Gary McFarlane was employed by Relate Avon as a couple counsellor. Relate offers continuing professional development. McFarlane wanted to train to give psychosexual therapy. But he didn’t want to have to give psychosexual therapy to same-sex couples. He lost his job in 2008 because he lied to his employer, saying he would give therapy to same-sex couples, got into the Relate psychosexual training course, then admitted a few months later that he wouldn’t. Relate has a strict equal opportunities policy, which requires all their counsellors to provide help to couples of any race or religion, same-sex and mixed-sex couples, without discrimination.
If you know your employer has specific standards to which you have to comply in order to get ongoing professional training, and you lie to your employer that you will comply to their standards and get this training, and then it comes out that you were lying and you are then sacked… this is religious persecution?
Is Lord Carey under the impression that lying to your employer to get training for a better job is just part of the moral and ethical Christian compass?
Wherefore putting away lying, speak every man truth with his neighbour: for we are members one of another. Ephesians 4:25
Lillian Ladele‘s case is one I have a lot more sympathy with. She was employed by Islington Council as a registrar. Ladele came back to work after long sick leave in 2005, to find that the Civil Partnership Act was about to become law, and like all the other registrars, she would be required to perform civil partnership ceremonies.
Ladele didn’t want to do this, and there followed several months in which her employers appear not to have treated this carefully at all – she was moved off Saturdays with consequent loss of pay because Saturdays have the most registration ceremonies, other employees knew she’d refused and some were upset by this – there was enough evidence of her being harassed at work for refusing for an industrial tribunal to initially uphold her claim for unfair dismissal.
But a civil partnership is not a religious ceremony. It is explicitly a secular event. It is a service provided by government employees. Even if you allow the principle that discrimination against lesbian and gay people is a Christian value – as Lord Carey apparently does – it is still permissable for a secular employer to tell a religious employee that regardless of their religious beliefs about a Jewish man marrying a Gentile woman, or two divorced people getting hitched again, or that same-sex couples shouldn’t be allowed to get legal recognition of their relationships, the secular employer is not paying secular wages to their secular employee so that the employee can refuse to do their job.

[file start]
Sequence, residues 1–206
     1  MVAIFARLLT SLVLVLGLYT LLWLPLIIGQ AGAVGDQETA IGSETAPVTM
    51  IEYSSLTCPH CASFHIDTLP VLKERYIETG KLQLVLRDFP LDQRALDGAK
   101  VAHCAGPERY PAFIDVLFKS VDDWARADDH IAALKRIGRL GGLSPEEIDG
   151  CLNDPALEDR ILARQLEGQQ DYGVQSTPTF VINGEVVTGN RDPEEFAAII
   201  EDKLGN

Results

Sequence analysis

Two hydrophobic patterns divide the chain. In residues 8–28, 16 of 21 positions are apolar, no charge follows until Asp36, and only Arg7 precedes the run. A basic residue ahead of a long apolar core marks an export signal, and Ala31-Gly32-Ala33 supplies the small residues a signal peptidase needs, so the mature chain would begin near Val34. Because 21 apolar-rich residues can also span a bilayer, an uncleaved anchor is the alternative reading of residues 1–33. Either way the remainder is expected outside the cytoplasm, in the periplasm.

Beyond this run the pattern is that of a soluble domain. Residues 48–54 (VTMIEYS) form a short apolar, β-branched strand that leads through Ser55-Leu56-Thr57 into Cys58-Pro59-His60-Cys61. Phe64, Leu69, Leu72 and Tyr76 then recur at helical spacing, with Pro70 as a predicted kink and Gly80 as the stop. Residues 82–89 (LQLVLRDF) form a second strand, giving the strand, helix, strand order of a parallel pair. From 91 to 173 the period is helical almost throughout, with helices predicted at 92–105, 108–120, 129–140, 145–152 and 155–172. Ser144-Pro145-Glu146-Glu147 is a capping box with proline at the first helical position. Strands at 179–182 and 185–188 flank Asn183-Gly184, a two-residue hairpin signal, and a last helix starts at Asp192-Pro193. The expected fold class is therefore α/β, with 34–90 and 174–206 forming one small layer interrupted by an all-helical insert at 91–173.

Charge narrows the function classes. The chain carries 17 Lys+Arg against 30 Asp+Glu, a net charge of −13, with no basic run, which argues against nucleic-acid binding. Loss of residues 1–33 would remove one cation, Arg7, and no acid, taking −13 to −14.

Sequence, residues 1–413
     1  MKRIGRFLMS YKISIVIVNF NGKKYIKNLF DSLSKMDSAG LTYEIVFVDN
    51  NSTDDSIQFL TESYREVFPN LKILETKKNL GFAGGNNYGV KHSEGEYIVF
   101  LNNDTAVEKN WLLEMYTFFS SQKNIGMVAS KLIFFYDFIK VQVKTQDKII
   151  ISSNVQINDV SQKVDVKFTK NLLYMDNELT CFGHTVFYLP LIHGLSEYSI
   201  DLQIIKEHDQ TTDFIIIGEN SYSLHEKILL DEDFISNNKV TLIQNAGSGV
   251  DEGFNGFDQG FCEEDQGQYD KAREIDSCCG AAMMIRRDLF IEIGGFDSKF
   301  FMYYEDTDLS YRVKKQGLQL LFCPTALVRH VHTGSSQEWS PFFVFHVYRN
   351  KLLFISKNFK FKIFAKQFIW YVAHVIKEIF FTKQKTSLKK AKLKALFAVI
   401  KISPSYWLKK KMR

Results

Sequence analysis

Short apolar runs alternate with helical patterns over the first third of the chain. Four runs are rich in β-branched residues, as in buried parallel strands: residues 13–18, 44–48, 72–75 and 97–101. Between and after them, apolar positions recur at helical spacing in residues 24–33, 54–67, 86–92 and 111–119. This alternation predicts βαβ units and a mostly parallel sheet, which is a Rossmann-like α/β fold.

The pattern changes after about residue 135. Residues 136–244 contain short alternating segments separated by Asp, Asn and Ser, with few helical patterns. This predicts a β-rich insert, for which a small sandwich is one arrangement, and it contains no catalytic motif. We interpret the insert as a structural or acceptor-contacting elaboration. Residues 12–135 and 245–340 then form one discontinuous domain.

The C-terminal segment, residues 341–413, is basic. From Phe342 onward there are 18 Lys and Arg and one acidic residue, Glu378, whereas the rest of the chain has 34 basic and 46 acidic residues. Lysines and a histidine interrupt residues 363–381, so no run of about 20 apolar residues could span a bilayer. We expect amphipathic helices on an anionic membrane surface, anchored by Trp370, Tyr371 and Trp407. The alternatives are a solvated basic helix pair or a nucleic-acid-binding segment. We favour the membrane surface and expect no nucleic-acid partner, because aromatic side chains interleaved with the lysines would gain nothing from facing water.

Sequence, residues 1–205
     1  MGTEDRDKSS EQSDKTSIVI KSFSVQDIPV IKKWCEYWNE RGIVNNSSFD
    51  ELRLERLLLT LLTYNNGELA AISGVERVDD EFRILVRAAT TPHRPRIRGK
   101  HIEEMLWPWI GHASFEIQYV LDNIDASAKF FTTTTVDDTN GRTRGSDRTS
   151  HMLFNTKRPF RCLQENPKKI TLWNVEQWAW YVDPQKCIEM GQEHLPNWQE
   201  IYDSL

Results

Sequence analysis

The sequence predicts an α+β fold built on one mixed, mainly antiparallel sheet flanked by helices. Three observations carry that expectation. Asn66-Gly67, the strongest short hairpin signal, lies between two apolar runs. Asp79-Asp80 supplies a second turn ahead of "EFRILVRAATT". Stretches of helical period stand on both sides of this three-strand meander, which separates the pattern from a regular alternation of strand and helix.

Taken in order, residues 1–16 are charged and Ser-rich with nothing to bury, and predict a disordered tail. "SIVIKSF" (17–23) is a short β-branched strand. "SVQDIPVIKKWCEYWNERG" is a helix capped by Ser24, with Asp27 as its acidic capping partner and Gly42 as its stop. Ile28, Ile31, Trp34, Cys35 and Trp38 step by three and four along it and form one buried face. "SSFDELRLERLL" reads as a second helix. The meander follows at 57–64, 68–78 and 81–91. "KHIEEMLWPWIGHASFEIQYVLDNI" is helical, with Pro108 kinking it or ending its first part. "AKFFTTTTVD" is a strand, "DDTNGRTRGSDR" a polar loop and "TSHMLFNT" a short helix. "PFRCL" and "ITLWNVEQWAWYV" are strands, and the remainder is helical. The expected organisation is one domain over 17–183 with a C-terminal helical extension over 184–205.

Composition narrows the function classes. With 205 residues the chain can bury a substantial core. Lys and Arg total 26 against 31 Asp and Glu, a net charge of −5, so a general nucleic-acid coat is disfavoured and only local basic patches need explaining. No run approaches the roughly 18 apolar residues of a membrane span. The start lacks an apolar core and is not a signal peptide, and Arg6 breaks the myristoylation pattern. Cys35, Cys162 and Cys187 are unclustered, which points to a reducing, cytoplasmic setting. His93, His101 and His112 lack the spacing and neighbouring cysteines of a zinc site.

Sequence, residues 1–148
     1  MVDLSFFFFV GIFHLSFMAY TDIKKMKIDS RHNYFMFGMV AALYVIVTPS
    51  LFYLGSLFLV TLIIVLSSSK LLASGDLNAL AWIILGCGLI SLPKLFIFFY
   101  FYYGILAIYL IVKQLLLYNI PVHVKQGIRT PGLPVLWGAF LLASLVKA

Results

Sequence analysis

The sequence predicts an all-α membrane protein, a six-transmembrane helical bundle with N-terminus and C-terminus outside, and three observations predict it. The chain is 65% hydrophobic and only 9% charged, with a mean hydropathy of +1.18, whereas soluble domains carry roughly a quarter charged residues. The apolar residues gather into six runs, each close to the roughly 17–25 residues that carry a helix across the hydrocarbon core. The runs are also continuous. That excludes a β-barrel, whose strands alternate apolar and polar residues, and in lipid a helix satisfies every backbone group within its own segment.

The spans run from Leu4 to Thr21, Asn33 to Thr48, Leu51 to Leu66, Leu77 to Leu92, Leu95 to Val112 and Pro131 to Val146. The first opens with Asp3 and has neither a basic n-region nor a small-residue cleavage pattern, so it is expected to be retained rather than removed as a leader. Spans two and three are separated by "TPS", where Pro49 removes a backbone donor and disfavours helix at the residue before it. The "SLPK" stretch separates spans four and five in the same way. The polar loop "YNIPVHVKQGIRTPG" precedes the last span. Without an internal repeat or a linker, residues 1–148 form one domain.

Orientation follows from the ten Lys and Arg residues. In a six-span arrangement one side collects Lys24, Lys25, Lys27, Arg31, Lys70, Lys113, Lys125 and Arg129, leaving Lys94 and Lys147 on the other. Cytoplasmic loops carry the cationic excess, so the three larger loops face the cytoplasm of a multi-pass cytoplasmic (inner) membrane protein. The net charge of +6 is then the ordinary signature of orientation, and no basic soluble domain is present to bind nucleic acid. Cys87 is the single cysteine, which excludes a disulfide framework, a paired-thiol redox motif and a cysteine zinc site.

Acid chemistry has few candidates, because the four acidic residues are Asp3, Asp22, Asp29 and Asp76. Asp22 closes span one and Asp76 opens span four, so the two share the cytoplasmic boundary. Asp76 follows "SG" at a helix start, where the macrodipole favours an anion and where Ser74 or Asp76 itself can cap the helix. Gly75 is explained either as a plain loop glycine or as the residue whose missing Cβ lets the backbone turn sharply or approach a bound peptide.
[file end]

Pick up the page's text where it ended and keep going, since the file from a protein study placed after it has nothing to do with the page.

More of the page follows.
Lillian Ladele should not have been harassed at work. But her employer had a right to expect her to do her job. Sacking an employee for refusing to do their job is not religious persecution.
If Lord Carey wants to make a case that open discrimination against lesbian and gay people is the essential way in which Christians should be manifesting their faith, without which the ethical and moral Christian compass is broken, he could do worse than start with Lillian Ladele. But he’d have to take on Giles Fraser first.
My time at St Paul’s ended with the Occupy protest, a visceral cry against the desperate unfairness of a world built on vast inequalities of wealth. Occupy may have been evicted, but the issues about which it was angry will not go away.
The moral authority of the Church of England is premised on places like St Mary’s, Newington. The fact that the C of E has a presence in every community in the country, and particularly in those that are most often ignored, is what gives the Church its voice. But a voice to say what? As the local council concerns itself with regeneration, I will concern myself with resurrection. One challenge here will be to work out when these two things point in the same direction, and when they do not.
I do not even think Lord Carey believes the things he’s saying.
Shirley Chaplin and Gary McFarlane were not subjected to religious discrimination: they were told to conform to the known professional requirements of their job.
Nadia Eweida, Amrit Lalji, and Lillian Ladele – all of whom are women of colour – may perhaps have a more solid claim that they were treated badly by their employers. But trying to make a case that this is wholesale religious persecution out of two jewellery incidents – both resolved in the employee’s favour – and a case of a registrar who thought homophobia was an essential part of being a Christian?
Lord Carey is bearing false witness to the European Court of Human Rights.
But those things which proceed out of the mouth come forth from the heart; and they defile the man. For out of the heart proceed evil thoughts, murders, adulteries, fornications, thefts, false witness, blasphemies; These are the things which defile a man: but to eat with unwashen hands defileth not a man. Matthew 20.18-20